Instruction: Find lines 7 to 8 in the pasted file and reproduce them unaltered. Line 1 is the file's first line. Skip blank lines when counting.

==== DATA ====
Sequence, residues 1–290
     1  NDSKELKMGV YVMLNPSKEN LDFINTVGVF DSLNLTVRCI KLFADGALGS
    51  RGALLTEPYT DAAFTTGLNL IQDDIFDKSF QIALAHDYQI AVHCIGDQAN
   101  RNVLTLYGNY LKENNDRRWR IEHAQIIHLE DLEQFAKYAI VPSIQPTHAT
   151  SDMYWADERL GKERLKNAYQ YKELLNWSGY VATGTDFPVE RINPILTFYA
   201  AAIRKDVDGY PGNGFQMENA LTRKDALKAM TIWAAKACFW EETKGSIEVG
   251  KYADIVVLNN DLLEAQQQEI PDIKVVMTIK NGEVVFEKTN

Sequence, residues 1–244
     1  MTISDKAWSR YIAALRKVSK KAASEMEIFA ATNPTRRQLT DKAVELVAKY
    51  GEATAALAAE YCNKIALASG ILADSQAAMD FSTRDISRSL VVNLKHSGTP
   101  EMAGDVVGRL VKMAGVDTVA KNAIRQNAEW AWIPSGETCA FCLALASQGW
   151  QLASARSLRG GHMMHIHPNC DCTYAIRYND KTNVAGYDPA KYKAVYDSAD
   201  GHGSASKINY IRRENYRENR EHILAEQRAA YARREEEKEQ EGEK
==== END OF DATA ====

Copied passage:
   251  KYADIVVLNN DLLEAQQQEI PDIKVVMTIK NGEVVFEKTN

Sequence, residues 1–244